Catalan independence flag
If you live in Barcelona or Catalunya, you will doubtless heard talk of the Via Catalana - but what's it all about? It is an initiative by the movement for Catalan independence, which will see a human chain of hundreds of thousands of people take place from north to the south of the autonomous community on September 11th at 17.14. Find out more with our guide below
SEPTEMBER 11TH - This is known as La Diada in Catalan, and is celebrated as Catalunya's national day, even though it isn't an independent nature. This date was chosen for la Diada because on September 11th, 1714, the city of Barcelona, which had been besieged for 413 days, fell to the Spanish. This defeat later saw the Spanish king Felipe V take his revenge on the Catalans for supporting the Austrians and other European countries against his claim to the Spanish crown. He retaliated by getting rid of key Catalan institutions, such as the parliament, and also banning the public use of the Catalan language. Catalunya's independence was lost—as it was absorbed into a greater Spain—and those people who now want it to be an independent country once more, use the annual September 11th celebrations to press for their separation from Spain, for example, through street demonstrations.
17.14 - the time for the Via Catalana has been chosen because in the 24-hour clock, it is the same as the year that Catalunya lost its independence. In recent FC Barcelona matches, the 17th minute and 14 second mark has also seen many fans make their own call for independence, because they know that so many people around the world are watching the popular team.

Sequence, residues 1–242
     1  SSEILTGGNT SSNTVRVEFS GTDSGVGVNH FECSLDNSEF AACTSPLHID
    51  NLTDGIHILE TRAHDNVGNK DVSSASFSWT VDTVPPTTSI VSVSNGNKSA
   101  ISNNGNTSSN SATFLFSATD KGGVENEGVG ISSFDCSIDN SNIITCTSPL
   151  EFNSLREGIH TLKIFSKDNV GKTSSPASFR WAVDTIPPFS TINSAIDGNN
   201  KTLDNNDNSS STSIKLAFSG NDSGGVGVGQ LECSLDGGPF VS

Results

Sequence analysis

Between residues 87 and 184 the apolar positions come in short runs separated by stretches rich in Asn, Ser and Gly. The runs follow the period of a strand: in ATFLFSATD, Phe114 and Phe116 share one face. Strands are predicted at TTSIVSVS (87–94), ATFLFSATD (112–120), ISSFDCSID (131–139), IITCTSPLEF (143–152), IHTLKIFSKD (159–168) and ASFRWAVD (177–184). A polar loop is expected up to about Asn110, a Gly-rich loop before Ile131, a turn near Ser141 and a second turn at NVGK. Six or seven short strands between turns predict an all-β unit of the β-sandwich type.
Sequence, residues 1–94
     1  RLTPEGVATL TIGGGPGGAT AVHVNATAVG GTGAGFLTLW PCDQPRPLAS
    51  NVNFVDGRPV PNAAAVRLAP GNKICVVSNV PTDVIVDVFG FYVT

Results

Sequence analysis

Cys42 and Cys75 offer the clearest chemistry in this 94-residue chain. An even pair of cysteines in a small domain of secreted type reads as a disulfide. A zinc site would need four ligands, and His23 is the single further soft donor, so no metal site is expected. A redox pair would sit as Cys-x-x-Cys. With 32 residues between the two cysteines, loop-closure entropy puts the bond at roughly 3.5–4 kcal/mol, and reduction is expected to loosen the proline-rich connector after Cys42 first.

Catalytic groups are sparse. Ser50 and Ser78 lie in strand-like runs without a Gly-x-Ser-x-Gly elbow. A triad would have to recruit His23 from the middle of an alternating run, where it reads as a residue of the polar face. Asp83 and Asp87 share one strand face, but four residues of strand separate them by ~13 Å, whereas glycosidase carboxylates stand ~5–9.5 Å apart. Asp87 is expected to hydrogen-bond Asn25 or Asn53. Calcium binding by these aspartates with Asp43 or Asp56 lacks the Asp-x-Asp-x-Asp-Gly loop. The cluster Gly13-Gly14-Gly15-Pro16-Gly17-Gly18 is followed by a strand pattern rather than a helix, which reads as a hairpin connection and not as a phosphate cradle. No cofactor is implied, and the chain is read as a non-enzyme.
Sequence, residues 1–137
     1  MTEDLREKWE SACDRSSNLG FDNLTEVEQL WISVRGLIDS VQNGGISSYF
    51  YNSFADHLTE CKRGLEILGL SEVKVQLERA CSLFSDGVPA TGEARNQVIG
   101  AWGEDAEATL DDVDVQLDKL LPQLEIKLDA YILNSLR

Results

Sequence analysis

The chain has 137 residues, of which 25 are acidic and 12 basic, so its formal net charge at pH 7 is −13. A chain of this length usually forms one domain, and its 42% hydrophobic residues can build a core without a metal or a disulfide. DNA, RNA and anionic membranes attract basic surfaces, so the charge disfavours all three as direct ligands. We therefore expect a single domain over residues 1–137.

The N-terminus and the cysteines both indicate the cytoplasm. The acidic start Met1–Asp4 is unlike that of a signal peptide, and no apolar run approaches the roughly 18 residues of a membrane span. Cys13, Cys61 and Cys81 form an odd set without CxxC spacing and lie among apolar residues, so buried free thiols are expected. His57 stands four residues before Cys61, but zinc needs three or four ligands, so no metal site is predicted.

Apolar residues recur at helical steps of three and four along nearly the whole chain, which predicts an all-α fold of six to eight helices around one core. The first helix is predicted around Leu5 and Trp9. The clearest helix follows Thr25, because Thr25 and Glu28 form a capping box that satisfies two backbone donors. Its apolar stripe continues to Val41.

CATALAN INDEPENDENCE - The movement for Catalan independence is currently enjoying something of a peak. Growing discontent for the way the region is treated by the central Spanish government in Madrid coupled with the financial crisis has seen growing numbers of Catalans say they would support a move to independence from Spain. The ruling Catalan government, headed by president Artur Mas (leader of the CiU federation) who is in an informal coalition with the independence supporting ERC party, has said that it aims to hold a referendum on the subject next year, although Spanish authorities insist that such a move would have no legal backing. The practical issues of becoming an independent nation, such as defence, economy and, the crucial one, would FC Barcelona continue to play in the Spanish league, have not yet been clarified.
VIA CATALANA - Following last year's mass demonstration on September 11th calling for independence (organisers say around 1,000,000 people took part, which, if true, isn't bad for an area with around seven million inhabitants), there has been increasing momentum in the local campaign seeking a break with Spain. This year, the organisers of that demonstration, the Assemblea Nacional Catalana (National Catalan Assembly), have organised a new initiative, the Via Catalana human chain. Inspired by similar events in Lithuania, Estonia and Latvia in 1989 prior to winning their independence from the Soviet Union (the Baltic Way or Chain), the plan is to have about 400,000 people link hands on a 400-kilometre route from the north of Catalunya, close to the French border, down to the southern Delta del Ebre region, on September 11th, 2013 at 17.14. At the time of writing, practically all the spots available had been taken, with the sparsely populated Delta region in the south the one with the most spaces still to be filled. It is hoped by the Assemblea and participants that this peaceful demonstration of intent will go down in history as a key event on the road to Catalunya's eventual independence.
If you're in Barcelona, click here to see a map of the route the human chain will take through the city (in the space 'Número de tram', write 740).